Abel Valenzuela Jr. has been a faculty member in the UCLA College’s Division of Social Sciences for nearly three decades, serving as a professor of labor studies, Chicana/o and Central American studies, and urban planning. He was also the director of UCLA’s Institute for Research on Labor and Employment and is a nationally recognized authority on labor issues, immigration, and urban poverty and inequality.

Last month, Valenzuela took on the role of interim dean of social sciences following the appointment of the division’s former dean, Darnell Hunt, to the post of executive vice chancellor and provost. He will remain in the position through the end of the 2023–24 academic year.

Valenzuela spoke to us about charting a path forward for the division, the importance of public engagement and how working as a dishwasher and “carwashero” in his early years instilled a work ethic that still drives him.

What does it mean to follow in the footsteps of former Dean Hunt?

Darnell Hunt is a longstanding faculty member and a gifted administrator and scholar who has pushed his discipline and the social sciences division on a formidable pathway of local and civic engagement, problem-solving and driving policy. He’s done this by drawing on UCLA’s greatest talent — its faculty and student body.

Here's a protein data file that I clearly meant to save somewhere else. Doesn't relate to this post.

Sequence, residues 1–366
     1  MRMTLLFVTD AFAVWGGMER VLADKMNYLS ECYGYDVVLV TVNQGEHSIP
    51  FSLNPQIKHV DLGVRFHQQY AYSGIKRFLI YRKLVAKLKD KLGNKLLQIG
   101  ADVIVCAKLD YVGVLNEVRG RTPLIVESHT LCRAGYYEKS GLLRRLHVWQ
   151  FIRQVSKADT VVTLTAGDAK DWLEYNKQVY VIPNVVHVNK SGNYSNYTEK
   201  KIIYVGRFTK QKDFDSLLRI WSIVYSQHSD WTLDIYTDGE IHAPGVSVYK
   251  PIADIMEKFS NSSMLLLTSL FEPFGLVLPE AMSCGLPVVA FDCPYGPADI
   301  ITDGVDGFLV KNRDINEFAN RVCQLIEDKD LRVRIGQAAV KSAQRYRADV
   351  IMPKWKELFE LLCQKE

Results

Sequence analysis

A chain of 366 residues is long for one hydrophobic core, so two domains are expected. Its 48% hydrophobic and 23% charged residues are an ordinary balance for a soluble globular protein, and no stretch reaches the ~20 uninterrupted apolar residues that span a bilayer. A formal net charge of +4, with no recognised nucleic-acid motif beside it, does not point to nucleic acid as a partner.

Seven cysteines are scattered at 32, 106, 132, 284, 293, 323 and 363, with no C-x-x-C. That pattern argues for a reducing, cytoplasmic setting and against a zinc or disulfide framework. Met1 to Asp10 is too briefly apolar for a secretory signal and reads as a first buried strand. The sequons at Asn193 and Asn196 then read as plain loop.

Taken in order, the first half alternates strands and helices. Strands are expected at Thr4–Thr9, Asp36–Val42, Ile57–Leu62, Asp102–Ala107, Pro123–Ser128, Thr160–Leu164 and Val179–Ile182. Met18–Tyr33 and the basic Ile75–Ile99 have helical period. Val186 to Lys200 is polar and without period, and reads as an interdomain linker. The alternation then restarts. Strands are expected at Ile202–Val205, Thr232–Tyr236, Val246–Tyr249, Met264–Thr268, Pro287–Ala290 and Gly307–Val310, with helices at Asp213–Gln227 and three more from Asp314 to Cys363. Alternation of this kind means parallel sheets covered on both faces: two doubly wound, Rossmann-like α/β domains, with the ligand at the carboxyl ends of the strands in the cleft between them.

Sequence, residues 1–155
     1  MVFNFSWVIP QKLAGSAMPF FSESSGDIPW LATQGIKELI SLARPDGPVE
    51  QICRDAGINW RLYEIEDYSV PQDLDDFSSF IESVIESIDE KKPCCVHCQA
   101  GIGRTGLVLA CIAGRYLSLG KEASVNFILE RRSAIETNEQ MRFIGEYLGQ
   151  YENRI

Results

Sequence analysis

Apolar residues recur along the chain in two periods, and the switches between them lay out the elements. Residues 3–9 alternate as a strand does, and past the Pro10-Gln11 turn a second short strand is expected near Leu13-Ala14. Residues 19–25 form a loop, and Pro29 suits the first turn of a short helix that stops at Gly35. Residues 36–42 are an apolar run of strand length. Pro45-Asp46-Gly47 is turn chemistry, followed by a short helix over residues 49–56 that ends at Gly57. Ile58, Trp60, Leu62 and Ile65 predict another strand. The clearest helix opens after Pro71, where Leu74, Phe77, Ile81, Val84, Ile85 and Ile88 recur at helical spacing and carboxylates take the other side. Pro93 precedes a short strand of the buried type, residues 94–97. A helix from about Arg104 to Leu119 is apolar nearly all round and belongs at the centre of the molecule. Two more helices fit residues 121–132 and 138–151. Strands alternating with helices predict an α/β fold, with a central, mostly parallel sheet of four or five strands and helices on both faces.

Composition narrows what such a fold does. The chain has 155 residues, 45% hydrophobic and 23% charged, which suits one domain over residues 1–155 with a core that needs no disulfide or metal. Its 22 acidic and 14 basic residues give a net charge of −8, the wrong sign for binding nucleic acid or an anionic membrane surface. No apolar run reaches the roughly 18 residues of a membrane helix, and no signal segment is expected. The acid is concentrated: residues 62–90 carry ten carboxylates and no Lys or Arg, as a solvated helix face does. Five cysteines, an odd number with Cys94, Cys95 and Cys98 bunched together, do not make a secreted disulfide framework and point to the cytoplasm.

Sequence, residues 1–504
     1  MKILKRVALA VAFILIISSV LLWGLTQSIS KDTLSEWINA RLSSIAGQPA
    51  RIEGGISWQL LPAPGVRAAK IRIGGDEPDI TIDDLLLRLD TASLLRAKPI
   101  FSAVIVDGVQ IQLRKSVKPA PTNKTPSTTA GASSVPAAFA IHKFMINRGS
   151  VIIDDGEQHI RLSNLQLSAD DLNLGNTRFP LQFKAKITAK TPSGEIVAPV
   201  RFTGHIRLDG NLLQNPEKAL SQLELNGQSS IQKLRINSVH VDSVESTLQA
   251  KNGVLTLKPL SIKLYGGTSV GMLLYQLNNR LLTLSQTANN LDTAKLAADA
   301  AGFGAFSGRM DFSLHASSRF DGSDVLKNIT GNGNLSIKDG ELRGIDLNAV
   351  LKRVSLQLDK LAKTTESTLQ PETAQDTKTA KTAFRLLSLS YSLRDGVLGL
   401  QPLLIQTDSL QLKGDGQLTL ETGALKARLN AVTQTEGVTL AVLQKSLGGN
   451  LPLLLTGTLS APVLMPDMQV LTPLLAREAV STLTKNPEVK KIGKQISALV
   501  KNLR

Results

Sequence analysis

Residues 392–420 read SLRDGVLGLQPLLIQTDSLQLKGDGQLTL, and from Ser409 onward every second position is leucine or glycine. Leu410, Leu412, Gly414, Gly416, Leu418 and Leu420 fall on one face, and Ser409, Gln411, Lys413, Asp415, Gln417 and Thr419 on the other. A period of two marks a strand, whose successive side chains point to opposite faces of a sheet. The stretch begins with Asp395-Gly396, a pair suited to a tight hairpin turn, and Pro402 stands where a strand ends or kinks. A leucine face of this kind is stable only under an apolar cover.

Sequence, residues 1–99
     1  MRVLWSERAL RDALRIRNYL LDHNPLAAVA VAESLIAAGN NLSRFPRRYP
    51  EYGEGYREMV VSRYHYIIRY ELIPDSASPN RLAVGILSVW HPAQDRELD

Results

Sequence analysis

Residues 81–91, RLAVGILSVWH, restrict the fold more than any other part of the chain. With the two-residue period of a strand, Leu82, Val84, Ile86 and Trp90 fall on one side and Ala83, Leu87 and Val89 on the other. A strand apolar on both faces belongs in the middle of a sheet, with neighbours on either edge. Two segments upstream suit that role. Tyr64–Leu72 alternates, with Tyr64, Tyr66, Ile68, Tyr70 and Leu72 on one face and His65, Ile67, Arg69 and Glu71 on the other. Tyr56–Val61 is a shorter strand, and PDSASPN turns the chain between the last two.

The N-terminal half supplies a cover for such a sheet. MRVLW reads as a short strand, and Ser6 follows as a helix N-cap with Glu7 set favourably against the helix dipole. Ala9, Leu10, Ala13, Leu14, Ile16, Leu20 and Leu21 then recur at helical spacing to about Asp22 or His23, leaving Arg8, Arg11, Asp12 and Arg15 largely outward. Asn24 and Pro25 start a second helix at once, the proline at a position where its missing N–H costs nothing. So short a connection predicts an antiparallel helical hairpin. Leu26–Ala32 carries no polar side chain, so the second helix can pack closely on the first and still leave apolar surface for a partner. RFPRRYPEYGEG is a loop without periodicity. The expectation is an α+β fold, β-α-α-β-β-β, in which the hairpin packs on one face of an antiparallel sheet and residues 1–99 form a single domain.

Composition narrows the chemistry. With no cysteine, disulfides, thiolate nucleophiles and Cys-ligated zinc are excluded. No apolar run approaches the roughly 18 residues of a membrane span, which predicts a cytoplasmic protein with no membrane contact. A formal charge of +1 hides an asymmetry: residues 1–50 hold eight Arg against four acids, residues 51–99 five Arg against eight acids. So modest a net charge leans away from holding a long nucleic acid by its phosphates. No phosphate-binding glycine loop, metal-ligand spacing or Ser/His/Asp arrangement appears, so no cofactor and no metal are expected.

During my own leadership of the Institute for Research on Labor and Employment, I was able to enhance our well-established reputation for engaging Los Angeles through empirical, policy-driven research and by providing our students with research opportunities on topics important to their own lives. In my work, I often consulted with Dean Hunt to share benchmarks, discuss opportunities and ensure that our work was aligned and supported by the division. He was instrumental to our growth and success. 

As I look ahead to this next chapter, I feel honored to continue his mission, and I’m confident that our shared efforts will enhance and strengthen UCLA’s public mission and dedication to excellence in problem-solving in academic research, public policy and other areas that impact the world and people’s lives.

What qualities make the social sciences division special?

The division is large and robust and includes nearly 20 academic departments and programs — and it’s driven by brilliantly accomplished faculty and students who engage deeply and thoughtfully with each other.

That idea of engagement is paramount — not only within the university but, importantly, with the broader world. The research being done in our division engages every corner of our city and our world, and it has a formidable impact. I continue to be amazed, as I reflect on my 30 years at UCLA, at all the accomplishments and discoveries our division makes on a regular basis. When I travel, I marvel at the impact our alumni are having in the world — their reach is seemingly everywhere you turn. 

What are your top priorities as interim dean?